Recently, there had been a number of articles reflecting on tourist numbers and how impactful this has on the sites that receive hordes of travelers. From analytical posts here to news that authorities have closed an island to access, we are witnessing a sort of push back due to overwhelming numbers of people criss crossing the globe.
Some destinations have implemented what would seem to be ‘draconian’ measures. For example Barcelona has been rolling out a series of bans, from restricting large tour groups’ access to traditional markets, to not allowing tourists to drive in certain parts of the city. The rationale being that the large number of tourists is disrupting lives of ordinary people. Others have retreated from this extreme, such as Venice’s backtrack on the ban of large cruise ships sailing past via St Mark’s basin.
To us this is a harbinger of potential future conflict, when local life becomes interrupted to the point of unbearable by the ‘intrusion’ of non locals.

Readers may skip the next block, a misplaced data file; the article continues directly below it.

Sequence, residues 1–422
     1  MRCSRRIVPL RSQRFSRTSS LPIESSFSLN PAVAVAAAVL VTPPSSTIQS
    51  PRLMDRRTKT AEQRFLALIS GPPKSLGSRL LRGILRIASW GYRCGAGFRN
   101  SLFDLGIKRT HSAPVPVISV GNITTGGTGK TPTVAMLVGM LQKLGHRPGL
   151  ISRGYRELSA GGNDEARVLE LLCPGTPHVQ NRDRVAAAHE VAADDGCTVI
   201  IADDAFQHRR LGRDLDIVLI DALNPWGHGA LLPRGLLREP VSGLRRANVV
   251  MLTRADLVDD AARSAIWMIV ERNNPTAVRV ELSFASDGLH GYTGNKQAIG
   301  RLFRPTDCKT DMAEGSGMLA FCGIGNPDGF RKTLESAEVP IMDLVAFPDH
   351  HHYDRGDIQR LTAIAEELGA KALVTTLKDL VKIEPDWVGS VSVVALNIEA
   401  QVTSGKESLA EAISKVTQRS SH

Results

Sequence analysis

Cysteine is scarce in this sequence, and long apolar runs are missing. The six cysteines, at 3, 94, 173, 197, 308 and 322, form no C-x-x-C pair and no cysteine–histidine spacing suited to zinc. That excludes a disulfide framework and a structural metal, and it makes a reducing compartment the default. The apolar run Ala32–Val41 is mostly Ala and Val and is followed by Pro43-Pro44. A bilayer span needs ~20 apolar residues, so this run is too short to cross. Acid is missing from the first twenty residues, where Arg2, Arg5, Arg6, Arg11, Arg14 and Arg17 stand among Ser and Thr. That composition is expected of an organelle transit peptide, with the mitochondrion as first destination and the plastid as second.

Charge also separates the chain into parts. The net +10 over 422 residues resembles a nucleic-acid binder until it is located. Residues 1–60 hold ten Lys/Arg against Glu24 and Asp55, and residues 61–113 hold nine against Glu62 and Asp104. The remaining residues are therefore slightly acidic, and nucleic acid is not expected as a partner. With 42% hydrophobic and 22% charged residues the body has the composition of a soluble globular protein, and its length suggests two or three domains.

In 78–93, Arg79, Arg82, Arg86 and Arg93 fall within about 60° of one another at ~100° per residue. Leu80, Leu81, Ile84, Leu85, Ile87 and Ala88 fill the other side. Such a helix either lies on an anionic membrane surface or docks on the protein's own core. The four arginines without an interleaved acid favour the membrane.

How much is enough? Just to give some food for thought, it is estimated that in 2014 just over 1.1 billion people made international travel as you can observe in the graph above. Yes, that’s a digit representing a billion. That means around the world everyday >3 million people are on their way somewhere on a plane, boat, train or road – crossing a border. Of course it is actually worse since it is not evenly spread, with holiday time of various countries, cultures and religions being the main contributors to concentrated movement of people.
There was talk some years ago I heard that Venice is no longer inhabited by Venetians but by foreigners and workers who leave the lagoon city in the evening for the suburbs on the mainland. If that were really true, it would be a real loss.
Imagine the lost character of a city without its real inhabitants. Well, perhaps real is not an appropriate word. Indigenous perhaps? This gets really complicated!
Even when we were in Russia recently it was a surprise to find that there can be ‘hordes’ of tourists at every attraction. The Hermitage was so crowded that each group were issued headphones to tune in to your own guide. Too many guide speaking at one time and in different languages too. The cacophony would be overwhelming!